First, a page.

The woman who will be Minnesota's next U.S. senator is a largely behind-the-scenes player who came to elected office late in her career and passed up a major shot at power just a few months ago.
Tina Smith isn't passing a second time. Gov. Mark Dayton on Wednesday named his trusted lieutenant governor and former chief of staff to fill Democratic Sen. Al Franken's seat until a special election next November.
Smith, a Democrat, will also run in that election to complete the final two years of Franken's term, she said Wednesday.
The appointment comes less than a year after Smith, widely seen as being groomed to succeed Dayton, announced that she wouldn't run for governor. Smith didn't give a clear reason why, but the announcement came as the Democratic field was filling up.
Smith said in a Facebook post at the time that she "never expected nor planned" to serve in elected office.
And her path to politics was indirect.
Smith, 59, a native of Albuquerque, New Mexico, moved to Minnesota in 1984 after earning an undergraduate degree at Stanford and an MBA from Dartmouth, to take a job in marketing for General Mills.
She became increasingly politically active in the 1990s, founding a marketing and political consulting firm in 1992. She managed a losing 1998 gubernatorial campaign for Ted Mondale, then led Former Vice President Walter Mondale's unsuccessful Senate campaign in 2002 after Sen. Paul Wellstone's sudden death.
She was vice president of external affairs for Planned Parenthood Minnesota, North Dakota and South Dakota from 2003-06, a post that doesn't appear on her official state bio page nor on her LinkedIn account. After that, she served as chief of staff to Minneapolis Mayor R.T. Rybak.
Rybak, a former Democratic National Committee vice chairman, said voters shouldn't confuse Smith's decision to skip the governor's race in 2018 with a lack of grit for a grueling campaign. He thinks she is uniquely suited to the Senate.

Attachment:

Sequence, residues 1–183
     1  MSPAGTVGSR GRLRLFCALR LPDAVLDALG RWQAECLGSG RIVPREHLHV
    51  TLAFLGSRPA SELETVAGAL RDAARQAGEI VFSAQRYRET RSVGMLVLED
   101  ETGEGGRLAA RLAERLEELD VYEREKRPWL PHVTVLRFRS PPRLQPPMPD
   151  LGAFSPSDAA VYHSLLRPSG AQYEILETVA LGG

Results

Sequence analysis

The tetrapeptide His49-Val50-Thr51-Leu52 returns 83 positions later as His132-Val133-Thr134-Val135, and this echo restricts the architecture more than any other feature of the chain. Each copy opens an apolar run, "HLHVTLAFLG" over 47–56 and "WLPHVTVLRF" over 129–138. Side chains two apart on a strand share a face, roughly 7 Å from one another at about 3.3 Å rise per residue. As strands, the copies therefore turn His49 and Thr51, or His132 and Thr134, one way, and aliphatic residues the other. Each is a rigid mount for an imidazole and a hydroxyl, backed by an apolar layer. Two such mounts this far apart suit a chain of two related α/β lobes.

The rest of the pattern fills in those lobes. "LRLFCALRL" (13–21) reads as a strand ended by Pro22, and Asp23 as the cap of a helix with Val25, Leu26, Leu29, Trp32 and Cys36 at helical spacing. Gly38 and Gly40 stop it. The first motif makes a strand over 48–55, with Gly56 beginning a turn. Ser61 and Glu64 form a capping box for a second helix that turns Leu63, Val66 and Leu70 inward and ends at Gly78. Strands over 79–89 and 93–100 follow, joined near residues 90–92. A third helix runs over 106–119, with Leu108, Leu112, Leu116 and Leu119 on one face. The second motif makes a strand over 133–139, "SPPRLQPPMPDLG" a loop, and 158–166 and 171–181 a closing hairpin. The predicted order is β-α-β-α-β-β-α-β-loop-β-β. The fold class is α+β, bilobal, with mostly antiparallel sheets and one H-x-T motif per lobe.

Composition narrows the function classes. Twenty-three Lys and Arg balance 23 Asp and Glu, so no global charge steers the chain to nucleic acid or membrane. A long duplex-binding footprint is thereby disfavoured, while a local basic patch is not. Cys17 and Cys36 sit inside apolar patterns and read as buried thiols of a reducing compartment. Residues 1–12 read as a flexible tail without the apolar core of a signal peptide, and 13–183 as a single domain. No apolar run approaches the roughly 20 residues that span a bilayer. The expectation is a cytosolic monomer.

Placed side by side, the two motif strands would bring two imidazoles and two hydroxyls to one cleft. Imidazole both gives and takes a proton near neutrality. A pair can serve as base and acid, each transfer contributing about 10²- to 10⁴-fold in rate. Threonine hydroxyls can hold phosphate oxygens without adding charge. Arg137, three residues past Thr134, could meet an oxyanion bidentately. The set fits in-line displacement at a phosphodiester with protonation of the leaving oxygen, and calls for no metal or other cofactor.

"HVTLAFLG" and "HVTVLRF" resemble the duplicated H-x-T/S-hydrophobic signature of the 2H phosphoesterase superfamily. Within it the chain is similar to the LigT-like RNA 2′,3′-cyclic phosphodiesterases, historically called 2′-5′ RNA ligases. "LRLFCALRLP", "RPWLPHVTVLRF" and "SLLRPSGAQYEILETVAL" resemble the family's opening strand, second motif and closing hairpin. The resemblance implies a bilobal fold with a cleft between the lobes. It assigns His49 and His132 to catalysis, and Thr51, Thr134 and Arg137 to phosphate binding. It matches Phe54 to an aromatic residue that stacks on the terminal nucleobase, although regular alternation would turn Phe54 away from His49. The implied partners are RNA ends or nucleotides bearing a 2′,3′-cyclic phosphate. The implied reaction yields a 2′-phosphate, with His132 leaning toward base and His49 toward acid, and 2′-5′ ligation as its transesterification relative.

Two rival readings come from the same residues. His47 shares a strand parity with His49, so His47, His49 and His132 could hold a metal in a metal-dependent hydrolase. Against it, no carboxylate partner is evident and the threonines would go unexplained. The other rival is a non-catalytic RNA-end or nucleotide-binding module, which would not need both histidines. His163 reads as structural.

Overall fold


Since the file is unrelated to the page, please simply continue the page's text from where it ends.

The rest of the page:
"It plays to a couple of her strengths: The ability to really dig in and understand issues in depth and a pretty off-the-chart ability to find common ground among people who don't always agree," he said.
Adam Duininck, a longtime Democratic operative who served in Dayton's cabinet, said he saw Smith's public political skills grow after she became lieutenant governor in 2015.
"She's not afraid to jump on a stage and give a speech or rally a room in search of a cause. She's able to do both of those roles pretty well," Duininck said.
Rybak called Smith instrumental as a liaison between his office and the state in responding to the Interstate 35W bridge collapse in 2007 — then rebuilding it. She left her City Hall position to manage his unsuccessful 2010 gubernatorial campaign.
Dayton hired Smith as his chief of staff in 2011. Their close relationship helped her turn the historically undemanding post of lieutenant governor into something more substantive when Dayton needed a replacement in his second term.
The online news website MinnPost reported that Smith met with Mondale before she took the job, interested in learning how he transformed the position of vice president into a more responsible position under President Jimmy Carter.
Her current duties include overseeing the Destination Medical Center initiative, a public-private partnership involving the Mayo Clinic in Rochester that backers say will create 35,000 to 45,000 new jobs in southeastern Minnesota and attract more than $5 billion in private investment. She also led state officials and agricultural leaders on a trade mission to Cuba in June in an effort to find new markets for Minnesota crops and poultry.
Smith spent much of her three years as lieutenant governor traveling the state to tout Dayton's agenda, building connections and visibility throughout Minnesota — an asset for a 2018 campaign.
But her own politics are somewhat of a mystery. She's known largely as a liberal Democrat who has maintained connections to the state's large and politically powerful business community.
Mondale discounted any concern about Smith's stomach for a U.S. Senate campaign that's likely to be more intense than the run for governor she passed up.
"I've worked with her on many different things," he said. "When she gets into it, she's committed, disciplined, strong, unrelenting."
Associated Press writers Steve Karnowski and Doug Glass in Minneapolis and Alan Fram in Washington, D.C., contributed to this report.